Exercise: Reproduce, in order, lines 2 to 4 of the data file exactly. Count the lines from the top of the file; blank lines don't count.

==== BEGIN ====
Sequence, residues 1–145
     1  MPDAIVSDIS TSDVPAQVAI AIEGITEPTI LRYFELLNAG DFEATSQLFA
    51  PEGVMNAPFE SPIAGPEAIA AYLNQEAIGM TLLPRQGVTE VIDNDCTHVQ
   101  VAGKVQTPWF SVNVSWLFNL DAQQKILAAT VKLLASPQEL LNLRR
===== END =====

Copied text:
     1  MPDAIVSDIS TSDVPAQVAI AIEGITEPTI LRYFELLNAG DFEATSQLFA
    51  PEGVMNAPFE SPIAGPEAIA AYLNQEAIGM TLLPRQGVTE VIDNDCTHVQ
   101  VAGKVQTPWF SVNVSWLFNL DAQQKILAAT VKLLASPQEL LNLRR